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Consider the steady temperature $T(x)$ in a fin of uniform cross section, which satisfies the following second order, linear, differential equation:

\frac{d^2 T}{dx^2} - m^2T + \frac{1}{k}g(x) = 0; \;\;\;

Figure: Geometry for fin example.
Here $m^2 = hP/(kA)$ where $h$ is the heat transfer coefficient ($W/m^2/K$), $P$ is the fin perimeter (meters), $A$ is the cross section area of the fin (meters squared), and $k$ is the thermal conductivity ($W/m/K$). Quantity $m^2$ describes heat loss by convection to a fluid at temperature zero from the sides of the fin (if the fluid temperature is at some $T_{\infty} \neq 0$ you can always define $\theta = T - T_{\infty}$ to reset the fluid temperature to zero). Refer to the figure for the geometry. Term $g(x)$ represents volume energy generation within the fin (such as by electric heating or chemical reaction). The boundary conditions at the ends of the fin may be of several types, however consider the following specific boundary conditions:

T(x=0) &=& T_0 \;\;\mbox{(type 1)}\\ \nonumber
k \left. \frac...
...t. hT \right\vert _{x=L}
&=& 0 \;\;\; \mbox{(type 3)}\nonumber

The boundary at $x=0$ is fixed at specified temperature $T_0$ and the boundary at $x=L$ sees heat loss by convection.

The temperature solution will be solved in terms of the Green's function, which is the response of the fin to a point source of heat. The GF for the above fin satisfies the following equations:

\frac{d^2 G}{d x^2} - m^2 G &=& - \delta(x - x') ; \;\;\;
...ght\vert _{x^{\prime}=L} &=& 0; \;\;\; (\mbox{type 3}) \nonumber

Note that the above equations are similar to the temperature problem, except the energy generation term is replaced by a Dirac delta function and the boundary conditions are homogeneous. Most importantly, the boundary conditions must be of the same type as the specific temperature problem of interest. The Green's function $G(x\vert x^{\prime})$ represents the heat transfer response at observation point $x$ to an infinitesimal heat source located at point $x^{\prime}$.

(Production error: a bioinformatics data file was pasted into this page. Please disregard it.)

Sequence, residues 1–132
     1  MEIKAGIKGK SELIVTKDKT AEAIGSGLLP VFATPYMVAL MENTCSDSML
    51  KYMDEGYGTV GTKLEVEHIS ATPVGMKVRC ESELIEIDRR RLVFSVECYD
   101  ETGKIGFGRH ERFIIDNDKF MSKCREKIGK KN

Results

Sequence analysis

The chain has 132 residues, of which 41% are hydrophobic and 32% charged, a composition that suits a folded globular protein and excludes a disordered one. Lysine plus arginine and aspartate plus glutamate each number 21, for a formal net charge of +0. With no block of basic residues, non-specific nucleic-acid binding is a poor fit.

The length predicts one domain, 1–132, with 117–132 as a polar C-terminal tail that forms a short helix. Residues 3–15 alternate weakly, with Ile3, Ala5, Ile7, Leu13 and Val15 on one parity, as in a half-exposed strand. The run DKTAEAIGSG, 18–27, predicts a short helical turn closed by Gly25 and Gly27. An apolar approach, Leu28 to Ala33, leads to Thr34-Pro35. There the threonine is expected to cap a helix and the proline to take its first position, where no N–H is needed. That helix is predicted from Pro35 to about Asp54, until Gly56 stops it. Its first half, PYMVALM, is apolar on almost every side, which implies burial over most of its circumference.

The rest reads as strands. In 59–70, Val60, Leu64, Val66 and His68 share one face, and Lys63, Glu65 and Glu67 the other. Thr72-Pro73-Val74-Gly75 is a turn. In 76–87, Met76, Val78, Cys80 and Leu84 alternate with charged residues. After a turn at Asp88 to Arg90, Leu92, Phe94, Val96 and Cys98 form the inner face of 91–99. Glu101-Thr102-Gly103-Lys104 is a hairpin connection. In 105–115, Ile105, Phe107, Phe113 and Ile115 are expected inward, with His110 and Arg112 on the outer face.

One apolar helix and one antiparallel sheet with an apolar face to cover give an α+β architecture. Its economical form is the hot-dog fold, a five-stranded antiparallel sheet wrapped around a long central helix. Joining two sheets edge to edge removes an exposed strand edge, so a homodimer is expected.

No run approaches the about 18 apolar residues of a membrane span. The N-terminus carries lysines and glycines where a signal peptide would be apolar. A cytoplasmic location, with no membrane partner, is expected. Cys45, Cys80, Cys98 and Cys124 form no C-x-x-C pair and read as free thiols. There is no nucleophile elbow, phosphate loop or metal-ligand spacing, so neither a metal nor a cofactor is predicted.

The temperature solution is constructed from a suitable distribution of the GF within the body so as to reproduce the heating conditions. In this example, the temperature in the fin is given by:

T(x) &=& \frac{1}{k} \int g(x') G(x\vert x') dx' \;\;
...) \;\;
\mbox{(for the type 1 boundary at $x = 0$)} \\ \nonumber

The temperature solution contains an additive term for each non-homogeneous heating effect, in this case internal generation $g$ and boundary temperature $T_0$. There is no additive term needed for cooling effect at $x=L$ because this condition is homogeneous (temperature $T$ appears in every term of the boundary condition). For a further discussion of steady heat conduction, see ``Green's function solution equation''.

next up previous
Next: HEAT EQUATION EXAMPLE Up: What is Green's Function Previous: What is Green's Function